The skimmed milk heat treatment temperature coupled with the holding time determines the heat classification of
the powder produced. For skim milk powder classified as “low-heat”, the milk is low temperature pasteurized with
little or no holding required, while heat treatment for a “high-heat” method requires heating milk to 85-88 C and
holding at this temperature for 15 to 30 seconds..There is no requirement to homogenize skimmed milk for powder
production because of its low fat content. High heat, heat stable powders are also produced by varying the
evaporation conditions.
Homogenisation is not a mandatory step in whole milk or buttermilk processing, but is usually applied in order to
decrease the free fat content.

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Two stage homogenization is usually used as single stage can result in fat globules coalescing into larger globules
more readily. This is considered important for infant formula manufacturing. Two stage homogenising is preferable to
ensure minimal re-coalescing of globules take place.
Fat globules with damaged protective membranes reduce milk powder solubility and increase the risk of to oxidative
rancidity.
Homogenization helps convert free fat into fat globules and membranes are regenerated by protein adsorption on
the globule surfaces.
Milk powder heat treatment varies depending on the finished product specification. Infant formula milk powder
treatment is higher than most other powders. The aim is to destroy all pathogenic and as many of the other
microorganisms present and to inactivate enzymes, particularly lipase, which can cause fat lipolysis during storage
resulting in "off odours". This also reduces the risk of oxidative changes during storage.
There are special treatments available from certain evaporator manufacturers that can provide a very good
reduction in thermoduric bacteria which tend to grow in evaporators and cause issues with powder quality (High
thermophile counts) Counts vary depending on the time of year and type of feed. (usually winter silage feed
increases thermophillic spore counts in raw milk) Other optional ingredients such as vegetable fats, vitamins and
minerals are added to the milk prior to drying, ensuring appropriate heat treatment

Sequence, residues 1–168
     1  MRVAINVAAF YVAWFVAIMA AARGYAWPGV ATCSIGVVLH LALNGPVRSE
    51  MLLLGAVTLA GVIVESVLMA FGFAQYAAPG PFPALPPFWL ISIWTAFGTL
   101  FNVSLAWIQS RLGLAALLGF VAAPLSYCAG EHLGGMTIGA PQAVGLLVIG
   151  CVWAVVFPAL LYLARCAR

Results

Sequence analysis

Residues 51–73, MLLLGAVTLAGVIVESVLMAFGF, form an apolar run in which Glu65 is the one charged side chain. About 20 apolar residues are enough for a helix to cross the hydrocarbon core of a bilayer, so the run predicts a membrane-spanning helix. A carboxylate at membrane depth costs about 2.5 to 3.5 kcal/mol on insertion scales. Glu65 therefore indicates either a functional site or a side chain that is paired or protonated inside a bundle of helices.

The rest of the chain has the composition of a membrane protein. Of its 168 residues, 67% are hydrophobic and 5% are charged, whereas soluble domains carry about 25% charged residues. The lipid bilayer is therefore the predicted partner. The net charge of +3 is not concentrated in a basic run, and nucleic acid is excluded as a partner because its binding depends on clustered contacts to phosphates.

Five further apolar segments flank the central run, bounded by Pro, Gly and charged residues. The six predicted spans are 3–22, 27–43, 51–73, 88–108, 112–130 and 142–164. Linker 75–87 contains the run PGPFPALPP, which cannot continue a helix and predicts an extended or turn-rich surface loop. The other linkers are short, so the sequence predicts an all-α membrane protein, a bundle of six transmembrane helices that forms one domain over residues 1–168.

The milk is concentrated in a series of calandrias in an evaporator to around 40-60% total solids, prior to Spray
Drying.Most milk evaporators are today of the falling film type where a fine film of milk / concentrate is passed down
the tubes wetting the surface whilst steam is on the other side of the tube and the vapours extracted from the centre
by vacuum.
Vapours are normally recompressed in a vapour recompressor making evaporators very efficient.
Water from evaporators can be recovered and re used. .
Evaporation of the milk prior to drying is done for reasons of energy efficiency as it is far cheaper to evaporate the
water than to spray dry it. The energy used in multi pass evaporators with steam vapour recompression is about 10
times less than spray drying.

Milk Powder Spray Dryer – MILK POWDER SPRAY DRYING – Milk Powder Spray Dryers
Spray drying milk powder involves atomizing concentrated milk (or other liquids) into a hot air stream (180 – 220 C).
The atomizer may be either a pressure nozzle or a centrifugal disc. By controlling the size of the droplets, the air
temperature, and the airflow, it is possible to evaporate almost all the moisture while exposing the solids to relatively
low temperatures. Spray drying yields milk powders with excellent solubility, flavour and colour.
This is the most common procedure for manufacturing milk powders.
The spray drying process is typically a two-stage process that involves the spray dryer at the first stage with a static
fluid bed integrated in the base of the drying chamber. The second stage is an external vibrating fluid bed.
Product is moved through the two stage process quickly to prevent overheating of the powder. Powder leaves the
dryer and enters a system of cyclones that simultaneously cools it.
Spray dryers can also have bag filters to reduce environmental emissions and also to increase yield and ensure that
there are no powder particles emitted to attract birds and rodents and also act as a medium for microbial growth